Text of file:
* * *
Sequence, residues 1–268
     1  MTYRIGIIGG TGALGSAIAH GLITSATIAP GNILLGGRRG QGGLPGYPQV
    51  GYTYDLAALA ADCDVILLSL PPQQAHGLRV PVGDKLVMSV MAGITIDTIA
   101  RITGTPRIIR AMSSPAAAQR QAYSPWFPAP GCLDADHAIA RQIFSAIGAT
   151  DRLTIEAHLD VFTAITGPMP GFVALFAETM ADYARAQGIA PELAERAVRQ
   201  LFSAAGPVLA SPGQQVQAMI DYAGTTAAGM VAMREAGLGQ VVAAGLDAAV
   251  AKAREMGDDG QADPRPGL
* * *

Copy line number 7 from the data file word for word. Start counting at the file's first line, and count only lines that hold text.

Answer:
   251  AKAREMGDDG QADPRPGL